A little more than a month ago, Curiosity landed on Mars, and millions of people around the world shared its “seven minutes of terror” with the thousands who built it. This too was leadership, even though there was no astronaut on board. We are confident that Curiosity will carry out state-of-the-art science motivated by a very clear goal—to search for evidence of organic molecules and water, the prerequisites for life. But really, it was the audacity of the landing—the incredible sequence of things never done before that had to come out right—that marked Curiosity for leadership. One more time, NASA showed that when it is given something extraordinarily difficult to do, it beats the odds.

Where are NASA’s next opportunities for leadership? This is a question that the Space Studies Board and our sister committee the Aeronautics and Space Engineering Board are established to help answer for the nation. Identifying the opportunities for advancing our knowledge of space through human and robotic exploration is the motivation behind the NRC’s studies that the SSB and ASEB oversee.

For nearly 3 years. I served as Associate Administrator of NASA for “Mission to Planet Earth,” and 12 years on the NASA Advisory Council, including 4 years as its Chair. In 2009, I served on President Obama’s Review of Human Space Flight Plans, the so-called “Augustine Commission”, and since 2008 I have chaired the Space Studies Board. The views I will present today, which are my own personal perspectives, are largely informed by the work of the Augustine Commission and the Space Studies Board.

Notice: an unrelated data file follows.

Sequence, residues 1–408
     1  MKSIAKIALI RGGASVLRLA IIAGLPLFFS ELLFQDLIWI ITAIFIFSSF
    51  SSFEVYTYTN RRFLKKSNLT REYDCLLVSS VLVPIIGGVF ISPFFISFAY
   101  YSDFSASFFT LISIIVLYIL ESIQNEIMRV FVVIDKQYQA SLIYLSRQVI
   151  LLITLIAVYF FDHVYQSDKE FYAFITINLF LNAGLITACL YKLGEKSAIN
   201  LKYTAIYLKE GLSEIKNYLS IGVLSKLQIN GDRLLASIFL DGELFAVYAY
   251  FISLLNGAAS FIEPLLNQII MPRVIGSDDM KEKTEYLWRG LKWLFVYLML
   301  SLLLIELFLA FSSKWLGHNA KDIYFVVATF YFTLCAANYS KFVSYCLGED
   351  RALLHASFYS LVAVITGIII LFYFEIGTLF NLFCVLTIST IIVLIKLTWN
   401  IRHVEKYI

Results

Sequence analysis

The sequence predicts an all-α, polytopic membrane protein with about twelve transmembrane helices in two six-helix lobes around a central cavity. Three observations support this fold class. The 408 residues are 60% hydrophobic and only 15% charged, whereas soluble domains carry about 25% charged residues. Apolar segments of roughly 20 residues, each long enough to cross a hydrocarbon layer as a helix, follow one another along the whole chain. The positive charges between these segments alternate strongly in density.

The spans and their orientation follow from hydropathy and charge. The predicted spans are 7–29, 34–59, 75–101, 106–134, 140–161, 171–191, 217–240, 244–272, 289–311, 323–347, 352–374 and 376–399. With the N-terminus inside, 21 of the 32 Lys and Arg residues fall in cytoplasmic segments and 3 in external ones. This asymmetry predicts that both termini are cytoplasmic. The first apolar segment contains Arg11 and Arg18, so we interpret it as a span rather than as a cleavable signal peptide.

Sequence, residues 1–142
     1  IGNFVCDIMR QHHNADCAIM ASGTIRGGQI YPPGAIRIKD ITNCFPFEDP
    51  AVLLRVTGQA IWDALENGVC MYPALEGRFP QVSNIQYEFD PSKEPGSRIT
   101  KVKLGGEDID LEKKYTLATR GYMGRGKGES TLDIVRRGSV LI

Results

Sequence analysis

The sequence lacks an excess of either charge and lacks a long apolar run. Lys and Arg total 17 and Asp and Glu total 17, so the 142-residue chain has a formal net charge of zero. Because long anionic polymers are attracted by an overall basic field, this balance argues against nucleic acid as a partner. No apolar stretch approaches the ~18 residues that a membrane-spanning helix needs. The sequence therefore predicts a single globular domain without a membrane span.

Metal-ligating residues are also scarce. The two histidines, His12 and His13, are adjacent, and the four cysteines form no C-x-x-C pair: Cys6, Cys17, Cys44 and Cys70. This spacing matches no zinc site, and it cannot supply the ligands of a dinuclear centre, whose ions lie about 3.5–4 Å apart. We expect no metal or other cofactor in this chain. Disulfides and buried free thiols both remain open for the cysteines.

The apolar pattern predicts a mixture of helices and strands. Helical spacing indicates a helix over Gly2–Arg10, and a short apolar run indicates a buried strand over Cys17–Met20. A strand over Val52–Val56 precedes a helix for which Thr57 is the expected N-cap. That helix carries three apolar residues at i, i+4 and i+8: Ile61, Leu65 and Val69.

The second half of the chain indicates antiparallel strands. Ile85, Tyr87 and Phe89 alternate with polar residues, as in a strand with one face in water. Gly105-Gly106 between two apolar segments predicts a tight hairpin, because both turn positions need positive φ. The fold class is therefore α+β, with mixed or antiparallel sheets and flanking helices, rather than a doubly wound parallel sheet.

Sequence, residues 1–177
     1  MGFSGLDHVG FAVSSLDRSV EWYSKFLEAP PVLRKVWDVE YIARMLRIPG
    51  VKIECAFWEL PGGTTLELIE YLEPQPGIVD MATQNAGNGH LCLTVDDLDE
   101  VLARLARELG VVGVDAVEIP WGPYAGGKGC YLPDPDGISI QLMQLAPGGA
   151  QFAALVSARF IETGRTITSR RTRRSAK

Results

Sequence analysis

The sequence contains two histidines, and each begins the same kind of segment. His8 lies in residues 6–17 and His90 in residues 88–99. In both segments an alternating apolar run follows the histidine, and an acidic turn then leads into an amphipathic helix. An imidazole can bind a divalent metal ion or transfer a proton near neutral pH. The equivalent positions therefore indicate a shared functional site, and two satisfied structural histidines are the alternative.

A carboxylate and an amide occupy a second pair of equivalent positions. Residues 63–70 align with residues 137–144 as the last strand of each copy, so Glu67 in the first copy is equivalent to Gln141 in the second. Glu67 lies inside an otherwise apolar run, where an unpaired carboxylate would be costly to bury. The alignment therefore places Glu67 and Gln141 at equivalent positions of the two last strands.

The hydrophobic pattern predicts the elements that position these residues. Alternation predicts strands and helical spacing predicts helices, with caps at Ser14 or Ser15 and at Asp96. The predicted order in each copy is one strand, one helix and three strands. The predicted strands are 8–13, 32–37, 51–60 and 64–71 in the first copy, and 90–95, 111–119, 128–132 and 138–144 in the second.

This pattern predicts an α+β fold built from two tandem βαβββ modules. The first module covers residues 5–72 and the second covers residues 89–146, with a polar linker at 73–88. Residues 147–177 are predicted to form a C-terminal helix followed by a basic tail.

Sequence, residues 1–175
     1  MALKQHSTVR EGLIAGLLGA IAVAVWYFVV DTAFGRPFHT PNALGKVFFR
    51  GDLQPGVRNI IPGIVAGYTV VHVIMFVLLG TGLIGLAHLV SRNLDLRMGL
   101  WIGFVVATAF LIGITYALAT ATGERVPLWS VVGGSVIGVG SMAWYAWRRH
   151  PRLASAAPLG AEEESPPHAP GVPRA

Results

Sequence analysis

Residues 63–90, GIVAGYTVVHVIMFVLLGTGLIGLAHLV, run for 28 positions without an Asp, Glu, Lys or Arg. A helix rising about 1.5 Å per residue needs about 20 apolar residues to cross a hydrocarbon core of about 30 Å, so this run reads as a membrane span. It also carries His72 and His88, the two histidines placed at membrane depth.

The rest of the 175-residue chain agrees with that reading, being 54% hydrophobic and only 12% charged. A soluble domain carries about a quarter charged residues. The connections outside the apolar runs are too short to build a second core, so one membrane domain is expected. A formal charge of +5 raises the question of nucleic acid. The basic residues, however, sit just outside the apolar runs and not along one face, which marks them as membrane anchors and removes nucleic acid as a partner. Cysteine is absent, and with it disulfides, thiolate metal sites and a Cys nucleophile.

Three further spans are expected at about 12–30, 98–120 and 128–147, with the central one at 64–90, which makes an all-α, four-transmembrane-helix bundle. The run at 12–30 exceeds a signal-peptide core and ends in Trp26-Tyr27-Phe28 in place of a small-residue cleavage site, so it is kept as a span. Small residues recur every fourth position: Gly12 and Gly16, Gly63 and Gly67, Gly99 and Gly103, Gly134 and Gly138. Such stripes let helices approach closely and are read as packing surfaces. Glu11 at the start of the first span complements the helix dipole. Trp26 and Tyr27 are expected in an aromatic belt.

Human Spaceflight

As you know, the 2010 NASA Authorization Act asked the NRC to appoint a committee to undertake a study to review the long-term goals, core capabilities, and direction of U.S. human spaceflight activities and to make recommendations to enable a sustainable U.S. human spaceflight program. Following the transfer of funds from NASA to the NRC, the study commenced on August 1, 2012, and the committee recruitment process is currently underway and making good progress. Prior to the start of the actual study, a number of activities were carried out under a separate initiation task. Those activities included outreach, collection of research materials, the identification of skillsets, knowledge and perspectives critical to the study, and the broad solicitation of names as well as the review of qualifications for an extensive set of committee candidates. Outreach activities conducted in this period included a discussion session held during the Global Space Exploration Conference in Washington, DC, in which representatives from several international space agencies discussed the perspectives of their citizens and governments on the value, rationale, and future direction of human space exploration.